In a 2000 release by ARI, Andrew Bernstein harshly criticizes Bush's plan for Social Security. Bernstein states, "Bush has proposed giving individuals 'permission' to partially opt out of Social Security. He doesn't recommend eliminating this unjust, immoral, wasteful, statist program. Why? Because, according to his own position statement, Bush regards Social Security as a 'defining American promise that must be kept.' If this doesn't indicate how little Bush values individual freedom, nothing does."
So if Bush obviously doesn't value individual freedom, why does Bernstein seem to support Bush's plan in a 2004 release? The release notes that most "Americans favor a shift from the government-run Social Security program to private accounts." But are these actually private accounts, or are they the accounts Bush has in mind, accounts that are mandated and regulated by the national government? The release doesn't make the distinction. Bernstein states of this ambiguous plan, "Morally, the injustice of forcibly taking money from young working people to pay retirement benefits to the elderly will end... [F]reeing taxpayers from the burden of financing Social Security, leaves them with greater choice: they can spend part or all of their additional income to improve their lives in the present -- or they can save part or all of it for their retirement." However, Bernstein's claim of complete individual choice over the funds is incompatible with Bush's plan or any variant of it. Bernstein's remarks admirably permit only letting people keep more of their own money. However, in the modern political climate the term "private accounts" is often understood to mean Bush's plan. Because ARI's release fails to make the distinction and to explicitly condemn mandatory, regulated accounts, the release seems to back Bush.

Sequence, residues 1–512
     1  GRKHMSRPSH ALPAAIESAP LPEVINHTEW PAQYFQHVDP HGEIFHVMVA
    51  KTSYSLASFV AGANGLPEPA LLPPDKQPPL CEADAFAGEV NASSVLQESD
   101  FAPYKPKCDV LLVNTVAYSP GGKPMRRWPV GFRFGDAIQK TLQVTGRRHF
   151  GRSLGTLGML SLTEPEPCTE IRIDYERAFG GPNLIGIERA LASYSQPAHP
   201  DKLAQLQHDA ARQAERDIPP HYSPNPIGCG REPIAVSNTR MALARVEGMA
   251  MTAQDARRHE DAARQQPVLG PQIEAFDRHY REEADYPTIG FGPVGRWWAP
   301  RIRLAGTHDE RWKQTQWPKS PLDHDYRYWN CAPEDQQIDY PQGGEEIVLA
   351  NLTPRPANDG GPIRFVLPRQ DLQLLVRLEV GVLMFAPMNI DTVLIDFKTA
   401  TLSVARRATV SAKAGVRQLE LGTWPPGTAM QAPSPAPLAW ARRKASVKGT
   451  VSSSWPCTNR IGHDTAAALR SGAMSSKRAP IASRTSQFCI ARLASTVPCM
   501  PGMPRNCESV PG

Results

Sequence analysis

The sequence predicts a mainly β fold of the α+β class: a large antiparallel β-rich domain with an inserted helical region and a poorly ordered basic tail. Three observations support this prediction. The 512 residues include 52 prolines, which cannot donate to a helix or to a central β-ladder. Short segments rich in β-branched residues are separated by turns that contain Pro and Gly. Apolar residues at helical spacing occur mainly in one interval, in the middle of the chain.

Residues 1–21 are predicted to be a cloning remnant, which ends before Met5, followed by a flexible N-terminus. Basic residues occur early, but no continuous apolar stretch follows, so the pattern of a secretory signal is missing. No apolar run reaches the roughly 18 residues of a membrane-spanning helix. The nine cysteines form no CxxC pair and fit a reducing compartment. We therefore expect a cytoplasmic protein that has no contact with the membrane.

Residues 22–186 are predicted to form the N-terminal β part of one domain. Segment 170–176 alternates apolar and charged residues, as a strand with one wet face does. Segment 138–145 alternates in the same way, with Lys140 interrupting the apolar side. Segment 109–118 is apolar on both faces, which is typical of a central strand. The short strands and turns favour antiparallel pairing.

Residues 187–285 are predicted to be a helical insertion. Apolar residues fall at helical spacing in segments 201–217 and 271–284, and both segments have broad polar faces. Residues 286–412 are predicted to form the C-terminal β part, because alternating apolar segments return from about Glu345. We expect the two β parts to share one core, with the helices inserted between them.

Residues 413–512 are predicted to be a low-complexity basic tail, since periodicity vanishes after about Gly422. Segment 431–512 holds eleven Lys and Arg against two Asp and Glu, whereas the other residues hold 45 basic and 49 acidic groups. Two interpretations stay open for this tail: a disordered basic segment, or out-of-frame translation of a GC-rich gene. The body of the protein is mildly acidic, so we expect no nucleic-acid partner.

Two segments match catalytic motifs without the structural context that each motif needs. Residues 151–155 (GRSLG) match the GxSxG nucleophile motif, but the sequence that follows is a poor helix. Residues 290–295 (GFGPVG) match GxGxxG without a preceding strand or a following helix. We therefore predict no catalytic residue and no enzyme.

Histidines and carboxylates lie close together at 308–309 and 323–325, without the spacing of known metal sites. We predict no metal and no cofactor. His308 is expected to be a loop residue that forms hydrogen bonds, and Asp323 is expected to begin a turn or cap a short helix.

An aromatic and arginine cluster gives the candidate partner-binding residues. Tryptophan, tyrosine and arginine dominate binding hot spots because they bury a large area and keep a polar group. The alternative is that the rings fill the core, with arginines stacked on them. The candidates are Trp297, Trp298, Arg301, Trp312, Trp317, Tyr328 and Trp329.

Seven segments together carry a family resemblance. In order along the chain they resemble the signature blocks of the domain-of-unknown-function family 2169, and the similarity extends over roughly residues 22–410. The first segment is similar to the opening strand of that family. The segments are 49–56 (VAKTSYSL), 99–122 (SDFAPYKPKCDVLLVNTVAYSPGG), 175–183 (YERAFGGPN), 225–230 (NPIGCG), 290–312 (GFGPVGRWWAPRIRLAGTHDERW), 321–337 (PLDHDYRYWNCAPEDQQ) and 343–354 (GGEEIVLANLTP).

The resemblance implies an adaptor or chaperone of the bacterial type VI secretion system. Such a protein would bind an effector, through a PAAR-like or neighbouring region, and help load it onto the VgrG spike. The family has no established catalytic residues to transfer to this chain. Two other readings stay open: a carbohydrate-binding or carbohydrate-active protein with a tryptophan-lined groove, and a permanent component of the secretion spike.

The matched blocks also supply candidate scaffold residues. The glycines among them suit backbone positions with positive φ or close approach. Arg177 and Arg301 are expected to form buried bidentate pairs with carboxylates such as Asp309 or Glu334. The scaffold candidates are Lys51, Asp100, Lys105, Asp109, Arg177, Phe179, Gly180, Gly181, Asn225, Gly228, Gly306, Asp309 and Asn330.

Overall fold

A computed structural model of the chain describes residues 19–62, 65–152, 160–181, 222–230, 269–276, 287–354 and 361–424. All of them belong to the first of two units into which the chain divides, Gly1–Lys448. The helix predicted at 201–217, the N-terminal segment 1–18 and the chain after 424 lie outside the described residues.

Robert Tracinski offers a third example. He is the editor and publisher of The Intellectual Activist (TIA), an independent "Objectivist Review" for "[a]nalyzing current political, cultural, and philosophical issues from a pro-reason, pro-individualist perspective." In his daily review over the last few weeks, Tracinski has made numerous supportive comments about Bush's plan. He has made similar comments that are available at ARI's web page.